Climate Change Agreements – Cambridge Econometrics joins consortium to evaluate UK scheme
Cambridge Econometrics is pleased to join other partners including CAG Consultants (lead), UCL and Winning Moves, to evaluate the Climate Change Agreements (CCAs) scheme for the UK Government’s Department of Business Enterprise and Industrial Strategy (BEIS).
The Climate Change Agreements (CCAs) play a key role in the Government’s aim to support businesses to improve their energy efficiency by at least 20 per cent by 2030, as announced in the Clean Growth Strategy.
The CCAs accompany the Climate Change Levy (CCL), a key UK energy tax introduced in 2001 to drive an increase in energy efficiency in the non-domestic sector, in response to the Marshall Report on “Economic Instruments and the Business use of Energy”.
The CCL is a tax on supplies of electricity, gas, solid fuel and liquefied petroleum gas payable by business and public-sector organisations. The CCAs were introduced to reduce this impact on industry by giving them a CCL discount in return for meeting negotiated energy efficiency targets.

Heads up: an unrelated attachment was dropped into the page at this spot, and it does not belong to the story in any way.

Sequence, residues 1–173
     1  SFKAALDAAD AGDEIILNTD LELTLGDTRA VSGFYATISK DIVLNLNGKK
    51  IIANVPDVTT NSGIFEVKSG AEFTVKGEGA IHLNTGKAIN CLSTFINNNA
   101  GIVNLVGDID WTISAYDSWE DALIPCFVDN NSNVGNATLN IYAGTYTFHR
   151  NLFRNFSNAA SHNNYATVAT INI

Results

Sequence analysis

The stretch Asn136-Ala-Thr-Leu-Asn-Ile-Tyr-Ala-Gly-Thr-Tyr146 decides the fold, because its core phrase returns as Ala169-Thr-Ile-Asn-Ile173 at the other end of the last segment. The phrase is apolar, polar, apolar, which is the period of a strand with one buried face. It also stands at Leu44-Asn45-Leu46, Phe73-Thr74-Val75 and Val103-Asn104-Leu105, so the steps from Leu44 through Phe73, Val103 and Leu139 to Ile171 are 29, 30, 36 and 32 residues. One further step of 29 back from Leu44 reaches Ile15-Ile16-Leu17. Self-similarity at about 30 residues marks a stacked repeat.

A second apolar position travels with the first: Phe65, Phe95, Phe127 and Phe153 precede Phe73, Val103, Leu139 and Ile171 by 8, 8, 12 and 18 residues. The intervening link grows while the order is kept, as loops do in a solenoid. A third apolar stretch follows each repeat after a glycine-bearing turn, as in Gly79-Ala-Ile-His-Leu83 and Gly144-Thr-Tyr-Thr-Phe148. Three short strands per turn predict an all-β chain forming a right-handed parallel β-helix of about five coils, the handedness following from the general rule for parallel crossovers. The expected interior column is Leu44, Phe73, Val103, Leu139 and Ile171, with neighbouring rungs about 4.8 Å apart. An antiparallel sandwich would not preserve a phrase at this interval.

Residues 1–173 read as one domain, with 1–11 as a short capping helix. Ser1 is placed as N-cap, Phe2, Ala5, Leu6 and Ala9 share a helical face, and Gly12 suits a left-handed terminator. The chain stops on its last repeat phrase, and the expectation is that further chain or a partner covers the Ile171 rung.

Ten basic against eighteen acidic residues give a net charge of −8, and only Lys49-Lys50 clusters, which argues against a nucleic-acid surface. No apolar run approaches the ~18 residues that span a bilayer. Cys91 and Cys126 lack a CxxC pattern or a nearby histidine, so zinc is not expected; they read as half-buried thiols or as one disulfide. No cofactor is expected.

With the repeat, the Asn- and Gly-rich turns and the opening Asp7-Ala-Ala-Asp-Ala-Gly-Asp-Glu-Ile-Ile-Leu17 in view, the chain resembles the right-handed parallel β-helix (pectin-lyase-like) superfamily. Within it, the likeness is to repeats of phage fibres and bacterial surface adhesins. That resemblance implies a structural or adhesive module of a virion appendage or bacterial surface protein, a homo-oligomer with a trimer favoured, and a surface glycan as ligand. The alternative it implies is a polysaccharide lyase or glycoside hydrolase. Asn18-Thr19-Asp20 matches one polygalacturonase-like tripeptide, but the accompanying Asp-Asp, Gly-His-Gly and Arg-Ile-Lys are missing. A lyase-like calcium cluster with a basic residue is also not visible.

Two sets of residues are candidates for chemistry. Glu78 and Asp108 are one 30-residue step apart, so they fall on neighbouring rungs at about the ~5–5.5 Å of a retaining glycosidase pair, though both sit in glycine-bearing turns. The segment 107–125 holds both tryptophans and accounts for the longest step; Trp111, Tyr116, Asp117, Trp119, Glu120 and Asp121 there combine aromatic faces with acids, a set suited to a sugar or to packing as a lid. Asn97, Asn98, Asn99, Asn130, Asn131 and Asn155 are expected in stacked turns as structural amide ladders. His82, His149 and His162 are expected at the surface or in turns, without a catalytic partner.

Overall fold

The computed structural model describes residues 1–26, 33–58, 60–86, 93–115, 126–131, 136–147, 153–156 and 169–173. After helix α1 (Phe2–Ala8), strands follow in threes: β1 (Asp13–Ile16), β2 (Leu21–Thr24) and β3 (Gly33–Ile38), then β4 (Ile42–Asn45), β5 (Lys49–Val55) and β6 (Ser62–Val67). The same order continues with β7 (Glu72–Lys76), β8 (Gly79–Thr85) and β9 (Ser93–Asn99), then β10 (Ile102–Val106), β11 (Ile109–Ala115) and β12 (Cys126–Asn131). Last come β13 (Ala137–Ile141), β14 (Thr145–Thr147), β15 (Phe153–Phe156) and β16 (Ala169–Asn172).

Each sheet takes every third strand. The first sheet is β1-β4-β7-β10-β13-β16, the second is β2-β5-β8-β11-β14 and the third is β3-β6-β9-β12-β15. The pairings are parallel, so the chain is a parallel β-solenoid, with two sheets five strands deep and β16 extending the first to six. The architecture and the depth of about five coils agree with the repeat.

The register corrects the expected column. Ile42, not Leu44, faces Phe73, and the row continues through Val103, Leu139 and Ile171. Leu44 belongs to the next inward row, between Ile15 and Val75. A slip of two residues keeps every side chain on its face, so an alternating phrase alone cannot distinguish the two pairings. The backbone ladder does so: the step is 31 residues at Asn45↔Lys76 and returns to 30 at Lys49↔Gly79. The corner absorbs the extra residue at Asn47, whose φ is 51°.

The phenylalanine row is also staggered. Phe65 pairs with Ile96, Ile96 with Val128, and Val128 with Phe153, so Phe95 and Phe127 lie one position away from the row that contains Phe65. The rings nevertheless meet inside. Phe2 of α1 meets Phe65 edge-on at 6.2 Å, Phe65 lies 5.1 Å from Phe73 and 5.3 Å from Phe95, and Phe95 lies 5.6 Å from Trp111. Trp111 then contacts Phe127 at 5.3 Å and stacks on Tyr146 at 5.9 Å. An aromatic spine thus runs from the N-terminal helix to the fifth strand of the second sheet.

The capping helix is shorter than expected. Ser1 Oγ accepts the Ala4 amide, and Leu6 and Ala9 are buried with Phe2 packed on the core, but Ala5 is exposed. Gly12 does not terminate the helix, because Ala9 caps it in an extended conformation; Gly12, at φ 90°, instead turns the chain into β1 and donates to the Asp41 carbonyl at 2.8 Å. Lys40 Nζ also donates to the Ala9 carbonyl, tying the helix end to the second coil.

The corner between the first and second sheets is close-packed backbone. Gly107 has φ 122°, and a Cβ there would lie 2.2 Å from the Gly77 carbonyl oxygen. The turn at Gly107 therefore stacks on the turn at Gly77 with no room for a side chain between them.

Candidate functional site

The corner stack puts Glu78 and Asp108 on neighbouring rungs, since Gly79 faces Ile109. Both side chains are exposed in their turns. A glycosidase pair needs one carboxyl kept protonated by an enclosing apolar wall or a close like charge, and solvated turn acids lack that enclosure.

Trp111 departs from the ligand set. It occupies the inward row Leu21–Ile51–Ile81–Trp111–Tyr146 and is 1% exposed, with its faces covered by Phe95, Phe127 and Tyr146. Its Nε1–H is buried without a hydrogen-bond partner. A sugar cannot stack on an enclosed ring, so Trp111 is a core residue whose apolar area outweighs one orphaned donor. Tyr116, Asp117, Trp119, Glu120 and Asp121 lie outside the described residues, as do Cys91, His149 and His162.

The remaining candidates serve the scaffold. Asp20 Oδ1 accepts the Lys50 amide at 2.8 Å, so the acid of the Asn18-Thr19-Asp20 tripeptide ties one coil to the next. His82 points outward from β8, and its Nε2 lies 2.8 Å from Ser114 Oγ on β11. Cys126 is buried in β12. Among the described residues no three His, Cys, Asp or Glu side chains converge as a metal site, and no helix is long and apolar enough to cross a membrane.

Sophie Heald, Project Manager at Cambridge Econometrics, said:
“We will apply sophisticated macroeconomic modelling techniques to assess the impact of the CCA scheme on energy consumption, industry costs and competitiveness, ultimately allowing BEIS to determine the effectiveness of this policy.”
Mary Anderson, Partner at CAG Consultants, said:
“This challenging evaluation will explore whether and how CCAs have influenced both energy efficiency and competitiveness within energy-intensive industrial sectors in the UK. The evaluation, led by CAG Consultants with UCL, Winning Moves and Cambridge Econometrics, will bring together evidence from quasi-experimental assessment, macro-economic modelling, qualitative and quantitative research. Verco will act as technical advisors to the consortium in this complex policy area.”
Paolo Agnolucci, Senior Lecturer in Environmental and Resource Economics at University College London, said:
“This is an exciting project with some serious technical challenges related to data matching, small samples and the scheme not being compulsory. We will be delivering this by building on our great experience of quasi-experimental evaluation gained though our work on ESOS, Salix, RHI and WHSDS. From an academic point of view, this is a great opportunity for putting advanced quasi experimental assessment at a good use and deliver research which has a direct impact on the formulation and assessment of governmental energy policy.”